For contracts without primary coverage criteria, the use of radiofrequency ablation of renal tumors in any circumstance other than that described above is considered investigational and is not covered.  Investigational services are an exclusion in the member certificate of coverage.
 
Effective, January 2004
Radiofrequency ablation of renal cell carcinoma is considered investigational and is not covered.
 

Rationale:
This section summarizes  the evidence for RFA for renal tumors with evidence available from at least 1 case series of 10 or more patients.  Outcome of 187 RFA procedures in 149 patients were described in 6 uncontrolled studies.  The characteristics of the patients and RFA procedures varied widely within and across the 6 studies in terms of tumor type (e.g., exophytic, parenchymal, central, with or without history of von Hipple-Lindau disease), tumor size (from <1 cm to >5 cm), length of follow-up (from <1 month to >36 months), imaging modality used for guidance, and reason for using RFA. Overall, 88% of procedures were considered successful shortly after 1 or 2 ablations (i.e., no signs of residual tumor by histologic analysis after excision or by post-RFA radiologic imaging). Significant but nonfatal complications were reported in 8%–10% of patients in 2 studies, including perinephric hematomas, hemorrhage, and ureteral strictures. Data were unavailable or lacked appropriate statistical analyses concerning duration of survival or quality of life. Thus, available evidence did not permit conclusions on net health outcomes of RFA for renal cancers.
 
In reporting the results of 100 tumor ablations in 85 patients Gervais et al. used multivariate analysis to assess tumor size and location as independent predictors of results of radiofrequency ablation.  Ablations was considered successful if it resulted in complete necrosis.  They concluded RFA of renal tumors is most effective for small tumors, 3 cm or less, though complete ablation in larger tumors is possible with multiple ablation sessions.  Tumors in noncentral locations were more often successfully ablated.
 
2008–2009 Update
Stern and colleagues retrospectively compared patients with stage T1a renal tumors, confirmed by pathology to be renal cell carcinoma, treated with either partial nephrectomy (n=34) or RFA (n=34) (Stern, 2007). The mean follow-up for the partial nephrectomy group was 47 months and for the RFA group 30 months. Three-year recurrence-free survival rate was 95.2% for partial nephrectomy and 91.4% for RFA. There were no disease-specific deaths in either group. In this small study, intermediate outcomes for patients with T1a renal cell carcinomas were similar whether treated with partial nephrectomy or RFA.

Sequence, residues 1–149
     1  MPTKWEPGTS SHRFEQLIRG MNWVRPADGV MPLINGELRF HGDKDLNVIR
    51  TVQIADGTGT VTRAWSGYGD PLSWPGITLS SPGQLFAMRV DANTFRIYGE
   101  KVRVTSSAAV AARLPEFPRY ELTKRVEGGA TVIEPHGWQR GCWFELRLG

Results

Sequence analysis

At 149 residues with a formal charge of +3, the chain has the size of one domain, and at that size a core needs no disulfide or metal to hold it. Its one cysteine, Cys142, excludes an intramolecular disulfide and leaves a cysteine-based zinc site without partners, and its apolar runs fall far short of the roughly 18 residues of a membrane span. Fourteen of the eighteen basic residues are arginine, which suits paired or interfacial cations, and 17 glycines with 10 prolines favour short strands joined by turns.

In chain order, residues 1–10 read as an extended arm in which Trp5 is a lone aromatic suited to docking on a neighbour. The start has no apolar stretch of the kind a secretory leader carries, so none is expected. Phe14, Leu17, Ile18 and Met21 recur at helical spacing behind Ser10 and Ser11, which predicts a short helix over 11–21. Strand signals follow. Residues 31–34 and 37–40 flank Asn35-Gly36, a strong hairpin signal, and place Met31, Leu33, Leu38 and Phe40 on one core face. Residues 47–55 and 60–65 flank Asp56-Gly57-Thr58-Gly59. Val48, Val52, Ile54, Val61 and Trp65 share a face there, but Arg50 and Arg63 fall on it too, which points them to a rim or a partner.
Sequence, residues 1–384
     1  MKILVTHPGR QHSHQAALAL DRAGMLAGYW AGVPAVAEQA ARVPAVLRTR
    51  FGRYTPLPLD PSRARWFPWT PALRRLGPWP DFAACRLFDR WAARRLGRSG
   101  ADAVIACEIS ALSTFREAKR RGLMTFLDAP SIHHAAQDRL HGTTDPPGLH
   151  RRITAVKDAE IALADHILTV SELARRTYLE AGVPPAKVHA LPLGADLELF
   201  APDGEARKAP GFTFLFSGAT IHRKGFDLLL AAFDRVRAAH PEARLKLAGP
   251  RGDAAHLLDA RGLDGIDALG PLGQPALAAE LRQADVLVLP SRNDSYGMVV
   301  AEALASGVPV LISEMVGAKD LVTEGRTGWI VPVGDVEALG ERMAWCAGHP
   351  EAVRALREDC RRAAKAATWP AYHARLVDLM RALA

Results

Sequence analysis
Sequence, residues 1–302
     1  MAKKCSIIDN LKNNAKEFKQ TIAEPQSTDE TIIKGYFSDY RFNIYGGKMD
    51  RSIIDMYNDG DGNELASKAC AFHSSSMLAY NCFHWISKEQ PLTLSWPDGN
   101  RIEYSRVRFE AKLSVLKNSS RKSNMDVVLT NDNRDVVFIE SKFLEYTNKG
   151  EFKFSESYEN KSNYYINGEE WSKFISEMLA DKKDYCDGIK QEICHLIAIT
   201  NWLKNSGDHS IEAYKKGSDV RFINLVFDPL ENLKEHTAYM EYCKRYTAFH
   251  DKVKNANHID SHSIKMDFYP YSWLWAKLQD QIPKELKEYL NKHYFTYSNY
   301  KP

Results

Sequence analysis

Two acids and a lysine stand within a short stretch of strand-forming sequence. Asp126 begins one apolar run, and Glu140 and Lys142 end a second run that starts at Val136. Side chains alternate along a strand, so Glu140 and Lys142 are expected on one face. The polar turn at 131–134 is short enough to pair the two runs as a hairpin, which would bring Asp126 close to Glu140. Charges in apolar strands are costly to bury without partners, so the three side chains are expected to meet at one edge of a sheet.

A review article summarizes the literature from the last 5 years, which includes 713 patients who underwent RFA of 866 renal tumors with an average follow-up of 12.6 months (Abdellaoui , 2008).  The average tumor-free survival rate was 85.4%. The author notes that across different study reports there are significant variations in the practice of RFA for kidney tumors, including the types of devices used, imaging modality and performance experience, making it difficult to compare results across studies. Additionally, the article points out that the longest average follow-up of published studies of RFA and kidney tumors is 28 months, and that long-term follow-up data are necessary to validate the use of this technique.
 
Kunkle and Uzzo conducted a comparative meta-analysis evaluating cryoablation and RFA as primary treatment for small renal masses (Kunklo, 2008).  Forty-seven case series representing 1375 renal tumors were analyzed. Of 600 lesions treated with cryoablation, 494 were biopsied before treatment vs 482 of 775 treated with RFA. The incidence of RCC with known pathology was 71.7% in the cryoablation group and 90% in the RFA group. The mean duration of follow-up after RFA was 15.8 months.  Local tumor progression was reported in 31 of 600 lesions after cryoablation and in 100 of 775 lesions after RFA, a difference that was significant.  Progression to metastatic disease was described in 6 of 600 lesions after cryoablation vs 19 of 775 after RFA. The authors caution that minimally invasive ablation generally has been performed selectively on older patients with smaller tumors possibly resulting in selection bias, series of ablated lesions tend to have shorter post-treatment follow-up compared with tumors managed by surgical excision or active surveillance, and treatment efficacy may be overestimated in series that include tumors with unknown pathology.